On the other hand, suburban apologist Joel Kotkin happily argues that densely populated cities need to be rethought.

“Just as progressives and environmentalists hoped the era of automotive dominance and suburban sprawl was coming to end, a globalized world that spreads pandemics quickly will push workers back into their cars and out to the hinterlands,” he writes.

But rigorous analyses don’t back up the idea that density is dangerous. For example, Staten Island, the least crowded borough in New York City, suffered the highest positive test rate for the virus in the city. Worldwide, cities such as Seoul and Hong Kong proved most effective in containing the pandemic. In these cases, with widespread testing and tracking, density proved an asset.

Similarly, a recent paper blaming New York’s subway for transmitting the virus doesn’t stand up to closer examination. Seoul has the world’s longest subway system. In Seattle and elsewhere, long after the pandemic passes, we’ll face the much deadlier long-term crisis of climate change. Transit and passenger trains are an important way to counter greenhouse-gas emissions.

Seattle’s path will be much rougher than a decade ago after the Great Recession. It’s difficult to imagine a new spectacular boom.

The $8 billion travel-tourism-convention sector has been decimated, with many hotels shut and occupancy levels in the single digits. Air travel has cratered, with ominous consequences for Boeing.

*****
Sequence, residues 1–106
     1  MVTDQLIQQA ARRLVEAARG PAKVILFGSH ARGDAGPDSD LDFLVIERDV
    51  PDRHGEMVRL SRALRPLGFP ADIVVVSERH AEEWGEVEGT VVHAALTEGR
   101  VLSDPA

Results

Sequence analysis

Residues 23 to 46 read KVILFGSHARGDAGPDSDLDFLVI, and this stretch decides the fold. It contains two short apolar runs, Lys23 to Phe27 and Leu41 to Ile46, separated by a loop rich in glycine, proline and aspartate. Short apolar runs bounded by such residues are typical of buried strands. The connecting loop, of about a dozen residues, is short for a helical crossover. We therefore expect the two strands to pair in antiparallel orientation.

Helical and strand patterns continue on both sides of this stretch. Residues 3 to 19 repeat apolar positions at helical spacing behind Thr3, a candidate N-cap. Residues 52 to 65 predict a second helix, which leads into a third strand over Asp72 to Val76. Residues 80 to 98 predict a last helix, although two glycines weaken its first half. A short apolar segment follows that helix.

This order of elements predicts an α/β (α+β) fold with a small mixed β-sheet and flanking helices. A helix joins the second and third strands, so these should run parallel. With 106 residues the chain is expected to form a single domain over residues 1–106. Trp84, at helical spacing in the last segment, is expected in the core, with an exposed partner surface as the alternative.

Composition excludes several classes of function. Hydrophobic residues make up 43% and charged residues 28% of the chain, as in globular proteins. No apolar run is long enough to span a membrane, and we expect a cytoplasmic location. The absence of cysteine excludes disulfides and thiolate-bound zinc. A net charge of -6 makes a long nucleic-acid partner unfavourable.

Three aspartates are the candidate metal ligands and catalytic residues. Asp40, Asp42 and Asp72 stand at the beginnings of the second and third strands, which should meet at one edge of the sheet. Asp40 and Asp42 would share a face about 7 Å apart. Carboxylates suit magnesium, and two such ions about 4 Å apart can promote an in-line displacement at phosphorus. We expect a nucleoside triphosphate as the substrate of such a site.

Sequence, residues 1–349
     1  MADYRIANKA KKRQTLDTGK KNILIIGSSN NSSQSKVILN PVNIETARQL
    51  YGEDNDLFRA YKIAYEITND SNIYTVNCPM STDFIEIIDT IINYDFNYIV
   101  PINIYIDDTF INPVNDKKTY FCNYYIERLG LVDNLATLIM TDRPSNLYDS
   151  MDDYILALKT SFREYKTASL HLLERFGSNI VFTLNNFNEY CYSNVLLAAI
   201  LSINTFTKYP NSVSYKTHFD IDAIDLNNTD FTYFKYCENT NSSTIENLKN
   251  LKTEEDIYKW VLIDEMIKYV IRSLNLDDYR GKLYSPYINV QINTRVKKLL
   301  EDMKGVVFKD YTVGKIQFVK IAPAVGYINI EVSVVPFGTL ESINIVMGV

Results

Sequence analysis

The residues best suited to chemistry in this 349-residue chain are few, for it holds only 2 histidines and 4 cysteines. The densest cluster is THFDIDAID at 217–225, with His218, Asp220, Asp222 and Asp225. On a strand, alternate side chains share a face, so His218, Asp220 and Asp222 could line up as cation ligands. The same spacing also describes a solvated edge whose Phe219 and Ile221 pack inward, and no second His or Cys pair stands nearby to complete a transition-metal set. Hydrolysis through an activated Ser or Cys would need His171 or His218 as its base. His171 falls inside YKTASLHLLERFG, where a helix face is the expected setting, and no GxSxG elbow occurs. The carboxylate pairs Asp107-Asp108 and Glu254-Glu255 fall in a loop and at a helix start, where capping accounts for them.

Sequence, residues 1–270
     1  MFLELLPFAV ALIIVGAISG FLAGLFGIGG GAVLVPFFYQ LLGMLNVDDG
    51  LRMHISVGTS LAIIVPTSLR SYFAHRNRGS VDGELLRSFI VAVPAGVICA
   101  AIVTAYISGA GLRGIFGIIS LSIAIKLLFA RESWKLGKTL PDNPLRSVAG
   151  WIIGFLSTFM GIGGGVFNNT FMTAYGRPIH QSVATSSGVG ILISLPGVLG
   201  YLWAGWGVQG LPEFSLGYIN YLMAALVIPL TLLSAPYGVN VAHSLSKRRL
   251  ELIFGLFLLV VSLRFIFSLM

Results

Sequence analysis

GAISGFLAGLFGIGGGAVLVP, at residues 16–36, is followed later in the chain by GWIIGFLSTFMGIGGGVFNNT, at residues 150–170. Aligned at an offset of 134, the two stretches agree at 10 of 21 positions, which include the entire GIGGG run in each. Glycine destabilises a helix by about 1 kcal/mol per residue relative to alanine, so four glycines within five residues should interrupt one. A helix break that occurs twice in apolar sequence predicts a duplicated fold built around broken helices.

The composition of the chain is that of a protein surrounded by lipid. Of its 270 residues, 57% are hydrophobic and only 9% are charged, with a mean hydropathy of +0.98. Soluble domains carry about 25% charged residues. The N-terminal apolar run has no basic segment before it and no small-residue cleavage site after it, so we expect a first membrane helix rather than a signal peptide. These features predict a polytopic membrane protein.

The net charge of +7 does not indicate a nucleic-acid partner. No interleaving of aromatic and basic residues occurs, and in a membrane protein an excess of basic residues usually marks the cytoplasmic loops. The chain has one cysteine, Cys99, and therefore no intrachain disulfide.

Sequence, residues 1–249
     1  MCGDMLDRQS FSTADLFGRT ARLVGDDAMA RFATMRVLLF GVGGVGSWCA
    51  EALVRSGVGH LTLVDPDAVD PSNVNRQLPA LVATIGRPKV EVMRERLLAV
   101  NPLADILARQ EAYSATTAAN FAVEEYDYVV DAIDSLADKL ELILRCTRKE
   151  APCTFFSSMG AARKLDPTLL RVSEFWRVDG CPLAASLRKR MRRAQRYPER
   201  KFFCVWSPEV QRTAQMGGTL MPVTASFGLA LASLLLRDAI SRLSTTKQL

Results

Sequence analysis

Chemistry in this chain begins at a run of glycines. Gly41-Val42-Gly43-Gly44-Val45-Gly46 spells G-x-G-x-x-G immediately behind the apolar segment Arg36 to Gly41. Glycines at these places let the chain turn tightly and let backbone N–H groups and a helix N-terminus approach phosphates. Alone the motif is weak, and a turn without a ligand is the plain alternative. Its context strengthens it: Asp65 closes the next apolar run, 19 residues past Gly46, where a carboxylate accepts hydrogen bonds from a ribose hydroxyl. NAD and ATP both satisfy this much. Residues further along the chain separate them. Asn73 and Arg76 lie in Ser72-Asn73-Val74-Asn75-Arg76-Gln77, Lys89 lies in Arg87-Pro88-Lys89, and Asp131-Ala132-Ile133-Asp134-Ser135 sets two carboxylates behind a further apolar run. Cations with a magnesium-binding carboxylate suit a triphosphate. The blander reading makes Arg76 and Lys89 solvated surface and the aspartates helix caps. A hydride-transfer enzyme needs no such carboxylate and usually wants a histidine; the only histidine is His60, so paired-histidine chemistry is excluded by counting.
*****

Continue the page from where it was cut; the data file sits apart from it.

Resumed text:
Restaurants are closed, including some of the premier sites that attract people from around the world. Some — even many — of these sites may never reopen. Retail, especially department stores, is facing similar headwinds.

A recent survey by the research firm Gartner indicated that 74% of the corporate respondents said they would permanently shift some employees to remote work. Combined with the hotel crisis, this is bad news for future office construction. Both were important sources of money to the city when Seattle was America’s crane capital.

Small businesses are in the crosshairs, with the initial federal rescue often bungled, gamed by large chains or inadequate. Seattle was blessed with so many unique, locally owned firms that are on life support. And don’t forget that most small firms depend on relationships with big business.

All of Seattle’s most treasured assets, from Pike Place Market to the Seattle Symphony, are facing long-term challenges because of the pandemic. Sports is another at-risk sector. After the virus burns out, will people come back?

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I want to believe we’re social creatures, that we passionately love our city, that our political leaders would never be so foolish as to force through a tax on jobs when we face a depression. But still …

Seattle possesses formidable assets, from tech giants to world-renowned research outfits. We can be at the forefront of a new normality.

But the city that existed until March is gone forever. It’s up to us what comes next.

It sounds glib to quote Franklin Roosevelt as he took office during the depth of the Great Depression: “The only thing we have to fear is fear itself.”

But this was from a man struck down by polio, which terrorized generations. And with this leadership, we achieved freedom from fear. We must do so again.